The next perspective is that of Agnes, a teenager who has grown up as the daughter of a Commander. She's led a privileged life in comparison to most in Gilead, but things take a turn when her mother dies and her father remarries. Her mother brings in a handmaid in order to have a child of her own, and starts the process of marrying Agnes off, in order to get her out of the house. Agnes does not want to marry a strange, adult man, no matter how high his status might be, so she pursues the only feasible avenue of escape - becoming an Aunt. 

The final perspective is Daisy, a teenager growing up in Canada. All throughout her schooling, she's learned about the terrible conditions in Gilead, and has even participated in protests against their government. While she thinks the plight of the women there is terrible, she only views it from a distance. It has nothing to do with her. However, when her parents are involved in a mysterious and deadly accident, she learns that she has more connections to Gilead than she knew.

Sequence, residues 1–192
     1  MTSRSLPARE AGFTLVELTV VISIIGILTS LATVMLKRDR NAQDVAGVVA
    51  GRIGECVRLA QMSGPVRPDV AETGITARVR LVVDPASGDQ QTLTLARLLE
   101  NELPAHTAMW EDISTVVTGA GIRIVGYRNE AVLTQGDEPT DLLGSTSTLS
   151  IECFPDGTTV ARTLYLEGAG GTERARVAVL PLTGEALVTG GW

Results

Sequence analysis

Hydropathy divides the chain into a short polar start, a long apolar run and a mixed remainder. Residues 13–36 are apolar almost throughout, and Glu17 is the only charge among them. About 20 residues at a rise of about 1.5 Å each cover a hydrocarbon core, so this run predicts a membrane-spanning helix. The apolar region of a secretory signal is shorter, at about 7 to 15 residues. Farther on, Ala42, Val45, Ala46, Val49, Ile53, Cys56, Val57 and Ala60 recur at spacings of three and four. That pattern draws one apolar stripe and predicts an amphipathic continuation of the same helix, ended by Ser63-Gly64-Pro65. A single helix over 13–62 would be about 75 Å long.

As the novel progresses, all three of these women are drawn together into a dangerous and terrible adventure. They have different motivations for their choices, but each has an important role to play and they must work together to further their own agendas and create a future that they believe in.

I really enjoyed this novel, and I'm surprised that I feel this way, because The Testaments is certainly very different from The Handmaids Tale. While the first book in the series is deliberately vague and mysterious, this one is more of a traditional story. A lot of detailed, specific information about Gilead is explained and the multiple narrators reveal many aspects of the plot to the reader before the characters figure them out themselves. It has a very different feel; there is more action here, it is more predictable, and a more complete story is told by the end of the novel.